Draft position determines a rookie's salary. The quotes anonymous coward along with others that are being cowards by being quoted anonymously are saying his draft stock stock will drop from the mid rounds to the late rounds because he's come out as gay, ergo, because his salary is tied to his draft position, his salary is being reduced because he's gay.

          "Lesbian and gay people are a permanent part of the American workforce, who currently have no protection from the arbitrary abuse of their rights on the job." --Coretta Scott King

          by craigkg on Mon Feb 10, 2014 at 08:42:11 AM PST

          [ Parent ]

          •  I think this is a "both are right" situation. (5+ / 0-)

            You and Mr. Boothroyd are right in writing that if Mr. Sam's draft stock drops because he's gay, he'll be paid less than he would be paid if he were drafted in a higher position—and in that way, being gay will affect his pay.

            estamm is also right in writing that Mr. Sam's sexual orientation won't affect how much he's paid based on his draft position; in other words, a straight player drafted in the same position would get the same amount of money.

            That said, I do think it's useful to differentiate here between the discrimination we might see on draft day, and the kind of pay discrimination where an LGBT person gets paid less than a non-LGBT person in exactly the same situation—if only because the latter would be much more clearly actionable under a national ENDA than the former, and could be used to advocate for such.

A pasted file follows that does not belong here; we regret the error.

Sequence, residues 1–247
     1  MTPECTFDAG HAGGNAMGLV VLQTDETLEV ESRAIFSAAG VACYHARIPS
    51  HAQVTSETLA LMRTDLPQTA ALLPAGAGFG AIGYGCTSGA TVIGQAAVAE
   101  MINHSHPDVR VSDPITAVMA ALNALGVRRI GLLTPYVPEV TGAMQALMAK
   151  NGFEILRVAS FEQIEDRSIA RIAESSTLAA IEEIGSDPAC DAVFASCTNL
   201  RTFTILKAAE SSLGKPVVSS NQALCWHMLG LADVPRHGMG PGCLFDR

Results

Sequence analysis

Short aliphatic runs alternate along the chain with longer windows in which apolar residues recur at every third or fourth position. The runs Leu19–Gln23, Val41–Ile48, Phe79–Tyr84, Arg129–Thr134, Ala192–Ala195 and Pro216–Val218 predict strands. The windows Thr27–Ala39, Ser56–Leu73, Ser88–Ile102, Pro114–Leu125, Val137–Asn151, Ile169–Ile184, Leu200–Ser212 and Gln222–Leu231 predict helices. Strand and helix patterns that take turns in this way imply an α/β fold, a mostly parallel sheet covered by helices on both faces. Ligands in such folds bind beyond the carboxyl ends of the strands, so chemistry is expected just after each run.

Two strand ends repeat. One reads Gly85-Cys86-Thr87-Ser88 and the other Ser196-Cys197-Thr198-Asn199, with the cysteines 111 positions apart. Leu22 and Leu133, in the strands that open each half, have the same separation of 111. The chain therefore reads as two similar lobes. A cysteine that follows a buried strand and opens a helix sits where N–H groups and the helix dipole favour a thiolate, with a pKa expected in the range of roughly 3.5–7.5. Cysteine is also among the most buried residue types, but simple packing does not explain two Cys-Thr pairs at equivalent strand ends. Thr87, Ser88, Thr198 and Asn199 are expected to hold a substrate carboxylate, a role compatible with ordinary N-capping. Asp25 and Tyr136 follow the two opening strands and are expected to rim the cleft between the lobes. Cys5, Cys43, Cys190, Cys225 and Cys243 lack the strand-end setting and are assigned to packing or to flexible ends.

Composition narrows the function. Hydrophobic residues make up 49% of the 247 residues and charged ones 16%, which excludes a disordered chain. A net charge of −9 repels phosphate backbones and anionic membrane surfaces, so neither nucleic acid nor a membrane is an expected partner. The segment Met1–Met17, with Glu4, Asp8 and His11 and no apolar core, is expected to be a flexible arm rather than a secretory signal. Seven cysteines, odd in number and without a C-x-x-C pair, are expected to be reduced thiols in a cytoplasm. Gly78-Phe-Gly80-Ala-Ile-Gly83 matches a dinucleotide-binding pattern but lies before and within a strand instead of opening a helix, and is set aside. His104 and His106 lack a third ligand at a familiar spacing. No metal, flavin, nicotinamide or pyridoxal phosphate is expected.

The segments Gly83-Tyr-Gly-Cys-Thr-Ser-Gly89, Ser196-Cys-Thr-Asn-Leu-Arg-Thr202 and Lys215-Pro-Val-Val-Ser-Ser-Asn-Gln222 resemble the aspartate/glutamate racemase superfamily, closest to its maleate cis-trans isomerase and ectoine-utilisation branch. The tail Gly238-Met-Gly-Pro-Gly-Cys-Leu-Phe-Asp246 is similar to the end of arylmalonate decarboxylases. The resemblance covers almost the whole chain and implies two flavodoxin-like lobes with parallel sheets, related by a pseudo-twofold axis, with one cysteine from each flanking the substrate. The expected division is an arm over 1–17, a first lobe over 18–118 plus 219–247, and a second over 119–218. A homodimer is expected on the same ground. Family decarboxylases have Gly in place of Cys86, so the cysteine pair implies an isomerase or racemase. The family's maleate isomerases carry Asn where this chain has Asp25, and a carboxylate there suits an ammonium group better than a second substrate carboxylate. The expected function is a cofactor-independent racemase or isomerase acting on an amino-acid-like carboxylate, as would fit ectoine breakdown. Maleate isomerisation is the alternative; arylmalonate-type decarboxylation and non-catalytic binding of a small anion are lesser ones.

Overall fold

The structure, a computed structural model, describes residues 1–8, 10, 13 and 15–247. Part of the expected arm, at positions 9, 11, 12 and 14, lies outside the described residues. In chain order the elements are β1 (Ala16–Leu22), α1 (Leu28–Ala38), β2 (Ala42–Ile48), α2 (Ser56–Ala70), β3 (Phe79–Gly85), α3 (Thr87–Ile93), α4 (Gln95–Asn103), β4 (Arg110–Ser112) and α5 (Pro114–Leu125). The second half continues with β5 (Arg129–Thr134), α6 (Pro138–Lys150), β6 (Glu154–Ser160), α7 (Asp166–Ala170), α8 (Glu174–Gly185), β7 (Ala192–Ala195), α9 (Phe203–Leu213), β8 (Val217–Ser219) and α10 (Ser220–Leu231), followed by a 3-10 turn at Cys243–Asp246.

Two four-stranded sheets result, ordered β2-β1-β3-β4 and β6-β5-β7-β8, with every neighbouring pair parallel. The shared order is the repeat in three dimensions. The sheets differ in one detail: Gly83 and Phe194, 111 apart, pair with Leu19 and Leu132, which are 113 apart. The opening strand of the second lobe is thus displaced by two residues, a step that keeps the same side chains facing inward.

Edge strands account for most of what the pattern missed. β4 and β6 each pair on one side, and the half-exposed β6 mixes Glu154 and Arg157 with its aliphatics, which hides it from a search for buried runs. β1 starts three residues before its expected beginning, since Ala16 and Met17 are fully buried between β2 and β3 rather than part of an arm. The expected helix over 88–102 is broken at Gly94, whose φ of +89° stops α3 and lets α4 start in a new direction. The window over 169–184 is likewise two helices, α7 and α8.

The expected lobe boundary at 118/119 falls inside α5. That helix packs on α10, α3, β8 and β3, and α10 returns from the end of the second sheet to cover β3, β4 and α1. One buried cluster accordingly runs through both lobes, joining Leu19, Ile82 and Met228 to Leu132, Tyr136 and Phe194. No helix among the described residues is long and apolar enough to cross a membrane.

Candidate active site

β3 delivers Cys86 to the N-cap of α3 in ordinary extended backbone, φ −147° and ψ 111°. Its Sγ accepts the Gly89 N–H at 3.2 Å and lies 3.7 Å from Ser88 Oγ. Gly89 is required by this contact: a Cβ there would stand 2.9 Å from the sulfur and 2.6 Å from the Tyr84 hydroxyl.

"When I give food to the poor, they call me a saint. When I ask why the poor have no food, they call me a communist." --Dom Helder Camara, archbishop of Recife

            by JamesGG on Mon Feb 10, 2014 at 09:13:56 AM PST

            [ Parent ]

          •  that's right and it's worth (3+ / 0-)
            Recommended by:
            VClib, Catte Nappe, JamesGG

            spelling out in the diary.  At least it sets salary for the first 3 years of the deal.   At the same time, it means some other player is getting the windfall of being picked in the third not the fourth round, not the team owner.  There's no net benefit to any given team owner.

            Midround projections are notoriously difficult to project, especially for a player who may have to change positions or put on weight.  I also think Sam will make up for it with endorsement deals or so forth.

            I want my team (the Eagles) to take him - we play a 3-4 where he'd be good, and he is both a beast on the field and a leader off it.  They have other needs that need addressing in the first two rounds, though, and if Sam's the 9th or 10th rated defensive end, and number 6 is available for some reason, it'd be a tough call.

            Peter King's piece aggregating anonymous quotations from NFL GMs excludeds the Eagles, I think, because elsewhere he cited Philadelphia as a possible good landing spot since it has a liberal owner.  We also survived alleged "distractions" from bringing in Michael Vick to the Riley Cooper to make the playoffs.   I look forward to beating the teams led by the coward GMS next year.

            Difficult, difficult, lemon difficult.

            by Loge on Mon Feb 10, 2014 at 09:21:10 AM PST

            [ Parent ]

            •  Him going to Philly would worry me. (0+ / 0-)
              Peter King's piece aggregating anonymous quotations from NFL GMs excludeds the Eagles, I think, because elsewhere he cited Philadelphia as a possible good landing spot since it has a liberal owner.  We also survived alleged "distractions" from bringing in Michael Vick to the Riley Cooper to make the playoffs.